- Republicans have created a narrative that stresses personal and institutional responsibility. There's no evidence that they practice this themselves, but they've painted Democrats as profligate spenders with far left political and social values that are out of touch with the mainstream.
- They've convinced people that so-called "big government" is a threat to the American way of life, diverting the dialogue from the greater threat of their corporate masters in Big Business. It doesn't help that too many Democrats are beholden to Wall Street money.
- They've sold the fiction that taxes can be eternally cut at no cost to the services people value.
- They've promoted the idea that they are tough on Communists and terrorists while liberals welcome both ashore.
- They appeal to racial fears and anxieties.
- They are now working hard on the story that Democrats and liberals are actively and knowingly attempting to subvert the country.
I followed with interest the comments on another blog in which most of those commenting described themselves poltically as middle-of-the-roaders who examined "both sides" before taking a stand or voting for a candidate. Some, not all by any means, adopted a faint tone of superiority. Fine, but consider that there wouldn't be two sides to consider if a significant number of people didn't adopt a conservative or liberal worldview, or that mainstream liberalism and conservatism are themselves tempered by their most progressive and reactionary forms. (Some might say doctrinaire forms.) There can't be a moderate or middle-of-the-road position without a left and right to weigh it against.
The bigger question has to do with the definitions of left and right versus the general perception of what those terms signify. Conservatives have succeeded in moving the terms of the debate so far to the right that the middle has moved, too. They can now accuse a moderate liberal like Barack Obama of being a leftist or a socialist without being called on it. It doesn't matter that any true leftist or socialist would scoff at the notion that Obama is one of them: the terrain of mainstream, establishment discourse -- the debate covered by the MSM -- is such that to many people Obama is a dangerous leftist. If you ask how it was that 70,000,000 Americans voted for a subversive, they'll start talking about a weak and liberal Republican candidate and a cult of personality that is only now being exposed. (This from the same group that idolizes Sarah Palin.)
Moreover, there is a such thing as an equality or inequality of ideas. For example, Sarah Palin has stated that schools should teach "both sides" of the evolution "debate" and let students make up their own minds. It sounds reasonable on the surface. But Charles Darwin's Theory of Evolution by natural selection is bolstered by 160 years of scientific research that have validated and extended his original conclusions. Intelligent Design, by contrast, is less than ten years old and is supported by no research at all. Believe what you will, but one side requires a tremendous reliance on intuition and blind faith while the other offers over a century and a half of hard evidence.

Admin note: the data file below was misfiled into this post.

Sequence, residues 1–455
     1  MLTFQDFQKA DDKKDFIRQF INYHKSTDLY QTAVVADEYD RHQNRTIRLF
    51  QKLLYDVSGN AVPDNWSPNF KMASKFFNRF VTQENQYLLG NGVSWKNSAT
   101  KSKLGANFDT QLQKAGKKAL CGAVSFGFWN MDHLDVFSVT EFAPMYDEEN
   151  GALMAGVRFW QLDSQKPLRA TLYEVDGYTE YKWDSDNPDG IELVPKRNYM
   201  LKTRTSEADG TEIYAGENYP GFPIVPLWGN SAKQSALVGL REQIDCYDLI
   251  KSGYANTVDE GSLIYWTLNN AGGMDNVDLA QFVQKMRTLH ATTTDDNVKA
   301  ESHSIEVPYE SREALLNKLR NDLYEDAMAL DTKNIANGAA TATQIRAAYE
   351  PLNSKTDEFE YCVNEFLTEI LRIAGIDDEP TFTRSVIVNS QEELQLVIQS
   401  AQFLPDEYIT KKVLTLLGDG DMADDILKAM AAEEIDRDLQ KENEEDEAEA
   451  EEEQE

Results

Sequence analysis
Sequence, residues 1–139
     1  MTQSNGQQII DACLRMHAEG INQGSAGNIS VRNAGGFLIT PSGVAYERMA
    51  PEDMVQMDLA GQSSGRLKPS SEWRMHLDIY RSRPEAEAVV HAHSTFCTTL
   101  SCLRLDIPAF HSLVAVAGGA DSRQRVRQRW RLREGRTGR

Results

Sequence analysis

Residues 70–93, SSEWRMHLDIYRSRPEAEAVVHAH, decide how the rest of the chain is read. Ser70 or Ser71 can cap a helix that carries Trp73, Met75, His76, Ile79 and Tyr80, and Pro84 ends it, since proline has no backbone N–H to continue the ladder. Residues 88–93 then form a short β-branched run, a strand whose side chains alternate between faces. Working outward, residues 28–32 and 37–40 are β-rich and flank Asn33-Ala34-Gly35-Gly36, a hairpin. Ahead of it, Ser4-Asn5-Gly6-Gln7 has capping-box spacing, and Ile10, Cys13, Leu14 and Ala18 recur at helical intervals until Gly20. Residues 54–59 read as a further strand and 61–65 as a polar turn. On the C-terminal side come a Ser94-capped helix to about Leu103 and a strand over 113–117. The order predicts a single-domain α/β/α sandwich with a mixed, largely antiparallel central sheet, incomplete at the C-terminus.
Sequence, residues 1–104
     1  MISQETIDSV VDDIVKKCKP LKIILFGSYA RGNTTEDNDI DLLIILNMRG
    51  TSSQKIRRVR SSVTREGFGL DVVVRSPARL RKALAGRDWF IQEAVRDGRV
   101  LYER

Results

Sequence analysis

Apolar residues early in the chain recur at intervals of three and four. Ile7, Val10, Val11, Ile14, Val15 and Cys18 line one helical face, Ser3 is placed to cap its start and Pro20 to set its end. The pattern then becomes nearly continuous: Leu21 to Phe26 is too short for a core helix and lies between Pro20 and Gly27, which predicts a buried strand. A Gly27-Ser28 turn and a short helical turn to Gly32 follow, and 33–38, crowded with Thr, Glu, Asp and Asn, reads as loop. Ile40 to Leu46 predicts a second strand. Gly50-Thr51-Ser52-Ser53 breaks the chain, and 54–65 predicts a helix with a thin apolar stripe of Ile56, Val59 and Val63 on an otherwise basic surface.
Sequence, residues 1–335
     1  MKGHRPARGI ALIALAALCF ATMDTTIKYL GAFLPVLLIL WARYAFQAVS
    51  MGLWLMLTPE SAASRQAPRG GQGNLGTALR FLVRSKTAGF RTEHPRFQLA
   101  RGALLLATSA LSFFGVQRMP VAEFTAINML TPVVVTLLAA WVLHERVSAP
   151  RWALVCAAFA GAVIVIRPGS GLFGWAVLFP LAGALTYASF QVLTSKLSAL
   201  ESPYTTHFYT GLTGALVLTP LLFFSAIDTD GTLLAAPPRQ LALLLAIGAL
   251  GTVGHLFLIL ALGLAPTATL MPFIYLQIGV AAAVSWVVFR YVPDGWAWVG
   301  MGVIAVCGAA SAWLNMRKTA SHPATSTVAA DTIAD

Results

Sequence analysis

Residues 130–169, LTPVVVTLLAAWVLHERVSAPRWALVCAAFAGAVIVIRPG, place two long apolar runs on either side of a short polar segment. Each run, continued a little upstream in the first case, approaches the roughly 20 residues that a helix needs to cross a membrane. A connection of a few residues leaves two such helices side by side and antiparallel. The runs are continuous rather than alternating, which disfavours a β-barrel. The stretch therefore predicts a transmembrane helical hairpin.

Alternatively, you can debate faith v. reason, but setting them up as opposing sides assumes that they are mutually exclusive. Some proponents of either perspective will argue just that, but not all. When it comes to evolution, the Catholic Church, to name one, has long held that Darwin's theory is not inconsistent with Catholic doctrine. Sometimes there are more than two sides even when there are two sides.
Anyone who reads Citizen K. regularly knows that I drive down the left side of the road. I look at what conservatism has become -- an angry, divisive whirlwind devoid of reason -- and know that I don't want this country to be defined that way. I wouldn't have described conservatism in these terms fifteen years ago, but that's what it has become. I look at what conservatives did when they were in power for six years; they not only bent every principle they held, they ran the country into the ground in the bargain.
I also know that in the long struggle for economic and political equality for all, progressives have always been on the right side and conservatives have always been in opposition. In the end, I believe that the measure of a country is how thoroughly it expands economic and political opportunity for all and by how well it does by its most vulnerable people: The poor, the disenfranchised, minorities, gays, and women. We've come a long way; we have a long way to go. Rush Limbaugh would says that I hate America. To the contrary, I simply want us to live up to our great promise of liberty and justice for all, to be the best we can be.